60 Minutes seems to be in rough shape: it's become something of a sport to write takedowns of the current affairs show's weaker outings. The latest is at Slate, where Will Oremus hammers a recent episode which claimed the clean tech sector is crashing. [via]
Over the course of the segment, 60 Minutes got so many things wrong about clean technology that I don't have room to refute them all here, though plenty of others have made valiant efforts. The Department of Energy ripped the show, calling it "flat wrong on the facts." And on Tuesday, Vinod Khosla himself—the venture capitalist whom Stahl's segment held up as the face of the "clean-tech bust"—published a scathing open letter to the show, disputing more than half a dozen key facts and comparing it to the National Enquirer. That's an unfair comparison, of course: The National Enquirer could never hope to mislead as many Americans as 60 Minutes did.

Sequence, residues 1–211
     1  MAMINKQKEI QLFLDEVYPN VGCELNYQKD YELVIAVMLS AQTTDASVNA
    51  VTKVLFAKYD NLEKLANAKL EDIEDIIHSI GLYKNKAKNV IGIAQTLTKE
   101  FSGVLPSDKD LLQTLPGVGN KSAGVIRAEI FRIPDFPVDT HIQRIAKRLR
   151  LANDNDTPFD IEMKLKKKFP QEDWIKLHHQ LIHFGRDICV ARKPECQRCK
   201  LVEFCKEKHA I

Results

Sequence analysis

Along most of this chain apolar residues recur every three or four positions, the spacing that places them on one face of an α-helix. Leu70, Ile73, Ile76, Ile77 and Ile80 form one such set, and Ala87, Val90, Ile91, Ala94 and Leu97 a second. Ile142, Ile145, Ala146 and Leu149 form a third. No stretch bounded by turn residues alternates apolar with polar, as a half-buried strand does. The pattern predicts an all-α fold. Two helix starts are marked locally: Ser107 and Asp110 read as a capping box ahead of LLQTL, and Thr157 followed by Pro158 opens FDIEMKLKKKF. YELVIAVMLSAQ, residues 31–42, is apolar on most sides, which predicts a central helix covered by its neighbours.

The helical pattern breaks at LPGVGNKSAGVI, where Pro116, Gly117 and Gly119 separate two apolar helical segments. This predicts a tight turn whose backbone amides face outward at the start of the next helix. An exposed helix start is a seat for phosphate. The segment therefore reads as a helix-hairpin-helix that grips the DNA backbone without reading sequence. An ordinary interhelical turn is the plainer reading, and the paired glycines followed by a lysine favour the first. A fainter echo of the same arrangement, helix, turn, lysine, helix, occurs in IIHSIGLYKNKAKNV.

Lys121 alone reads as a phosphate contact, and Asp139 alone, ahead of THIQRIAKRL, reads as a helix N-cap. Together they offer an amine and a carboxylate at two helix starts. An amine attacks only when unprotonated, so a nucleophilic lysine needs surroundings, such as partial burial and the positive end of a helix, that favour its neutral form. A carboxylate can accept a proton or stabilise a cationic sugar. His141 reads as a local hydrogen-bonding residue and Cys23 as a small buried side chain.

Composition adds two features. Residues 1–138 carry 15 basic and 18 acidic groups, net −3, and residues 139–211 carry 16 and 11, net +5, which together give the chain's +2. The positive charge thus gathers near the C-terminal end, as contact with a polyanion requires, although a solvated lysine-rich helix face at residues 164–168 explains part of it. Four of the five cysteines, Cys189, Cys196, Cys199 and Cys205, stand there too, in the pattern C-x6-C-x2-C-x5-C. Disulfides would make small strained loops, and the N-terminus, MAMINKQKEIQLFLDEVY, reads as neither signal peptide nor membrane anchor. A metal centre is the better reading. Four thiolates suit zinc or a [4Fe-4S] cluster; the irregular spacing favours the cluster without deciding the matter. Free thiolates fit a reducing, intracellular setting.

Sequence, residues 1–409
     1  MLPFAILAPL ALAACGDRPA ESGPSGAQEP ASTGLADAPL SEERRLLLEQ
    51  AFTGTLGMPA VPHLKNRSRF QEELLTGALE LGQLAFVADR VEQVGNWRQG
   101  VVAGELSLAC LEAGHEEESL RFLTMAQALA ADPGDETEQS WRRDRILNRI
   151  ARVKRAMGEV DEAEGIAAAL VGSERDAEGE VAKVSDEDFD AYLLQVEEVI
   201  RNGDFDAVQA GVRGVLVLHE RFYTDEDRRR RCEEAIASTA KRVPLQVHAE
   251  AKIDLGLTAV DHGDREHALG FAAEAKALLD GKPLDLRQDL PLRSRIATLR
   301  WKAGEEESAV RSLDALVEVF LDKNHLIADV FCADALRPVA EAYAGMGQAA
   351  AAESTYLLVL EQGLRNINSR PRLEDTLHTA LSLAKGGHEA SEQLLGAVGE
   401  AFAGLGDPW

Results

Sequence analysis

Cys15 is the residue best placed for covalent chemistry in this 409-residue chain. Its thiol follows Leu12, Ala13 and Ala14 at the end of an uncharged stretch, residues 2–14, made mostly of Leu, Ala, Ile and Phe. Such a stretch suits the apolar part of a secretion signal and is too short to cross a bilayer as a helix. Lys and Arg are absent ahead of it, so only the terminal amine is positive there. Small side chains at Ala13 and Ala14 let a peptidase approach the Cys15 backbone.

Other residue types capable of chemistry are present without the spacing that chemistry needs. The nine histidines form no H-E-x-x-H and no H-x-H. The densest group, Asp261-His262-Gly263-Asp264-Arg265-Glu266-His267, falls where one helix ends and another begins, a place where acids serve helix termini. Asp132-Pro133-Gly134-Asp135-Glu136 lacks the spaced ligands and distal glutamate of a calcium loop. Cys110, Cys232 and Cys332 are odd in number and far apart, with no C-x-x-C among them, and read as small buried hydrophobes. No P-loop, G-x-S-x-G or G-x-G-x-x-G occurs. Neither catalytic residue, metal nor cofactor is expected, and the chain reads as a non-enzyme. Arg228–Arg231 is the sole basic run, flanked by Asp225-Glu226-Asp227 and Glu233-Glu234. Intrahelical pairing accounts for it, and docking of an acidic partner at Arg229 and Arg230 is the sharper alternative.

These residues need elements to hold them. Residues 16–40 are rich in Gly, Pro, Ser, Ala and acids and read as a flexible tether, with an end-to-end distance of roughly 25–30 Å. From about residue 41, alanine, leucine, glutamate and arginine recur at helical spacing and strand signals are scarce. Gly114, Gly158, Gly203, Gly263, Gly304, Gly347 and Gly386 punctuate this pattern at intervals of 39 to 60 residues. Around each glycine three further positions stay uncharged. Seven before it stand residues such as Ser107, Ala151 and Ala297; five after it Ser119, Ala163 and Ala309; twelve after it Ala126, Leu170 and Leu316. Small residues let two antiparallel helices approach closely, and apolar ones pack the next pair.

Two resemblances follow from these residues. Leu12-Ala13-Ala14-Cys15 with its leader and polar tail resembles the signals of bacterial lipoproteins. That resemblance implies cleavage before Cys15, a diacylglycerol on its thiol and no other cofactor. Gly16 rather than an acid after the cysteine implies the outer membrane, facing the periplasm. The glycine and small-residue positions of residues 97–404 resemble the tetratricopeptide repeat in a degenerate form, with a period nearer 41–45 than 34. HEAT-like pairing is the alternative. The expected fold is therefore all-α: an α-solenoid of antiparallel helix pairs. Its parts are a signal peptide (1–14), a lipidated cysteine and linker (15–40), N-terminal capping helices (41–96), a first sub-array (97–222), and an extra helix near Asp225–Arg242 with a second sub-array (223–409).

The funny part seems to be not so much that 60 Minutes ran a poorly-sourced takedown of clean-tech, but that it built it using old sources and examples such as Solyndra, bankrupt since 2011. Lots of stuff that's already been discussed to death, but easily compiled into a narrative. Wikipedia is good enough, right? Who needs journal subscriptions and professional researchers!